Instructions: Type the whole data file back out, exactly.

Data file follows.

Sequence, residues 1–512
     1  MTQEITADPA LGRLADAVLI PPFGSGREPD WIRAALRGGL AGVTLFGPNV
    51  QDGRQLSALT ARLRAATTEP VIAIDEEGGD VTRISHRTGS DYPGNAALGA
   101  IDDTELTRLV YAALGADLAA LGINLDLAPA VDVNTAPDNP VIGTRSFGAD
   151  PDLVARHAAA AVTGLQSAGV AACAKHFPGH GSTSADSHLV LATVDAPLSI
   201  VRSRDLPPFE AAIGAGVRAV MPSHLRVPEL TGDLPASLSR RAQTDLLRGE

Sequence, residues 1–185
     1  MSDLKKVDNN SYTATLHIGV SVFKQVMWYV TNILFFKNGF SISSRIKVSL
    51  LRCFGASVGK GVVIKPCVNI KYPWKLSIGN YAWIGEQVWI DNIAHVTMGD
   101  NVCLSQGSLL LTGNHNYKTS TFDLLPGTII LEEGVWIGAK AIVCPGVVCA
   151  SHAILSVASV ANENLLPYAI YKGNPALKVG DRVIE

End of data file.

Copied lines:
Sequence, residues 1–512
     1  MTQEITADPA LGRLADAVLI PPFGSGREPD WIRAALRGGL AGVTLFGPNV
    51  QDGRQLSALT ARLRAATTEP VIAIDEEGGD VTRISHRTGS DYPGNAALGA
   101  IDDTELTRLV YAALGADLAA LGINLDLAPA VDVNTAPDNP VIGTRSFGAD
   151  PDLVARHAAA AVTGLQSAGV AACAKHFPGH GSTSADSHLV LATVDAPLSI
   201  VRSRDLPPFE AAIGAGVRAV MPSHLRVPEL TGDLPASLSR RAQTDLLRGE

Sequence, residues 1–185
     1  MSDLKKVDNN SYTATLHIGV SVFKQVMWYV TNILFFKNGF SISSRIKVSL
    51  LRCFGASVGK GVVIKPCVNI KYPWKLSIGN YAWIGEQVWI DNIAHVTMGD
   101  NVCLSQGSLL LTGNHNYKTS TFDLLPGTII LEEGVWIGAK AIVCPGVVCA
   151  SHAILSVASV ANENLLPYAI YKGNPALKVG DRVIE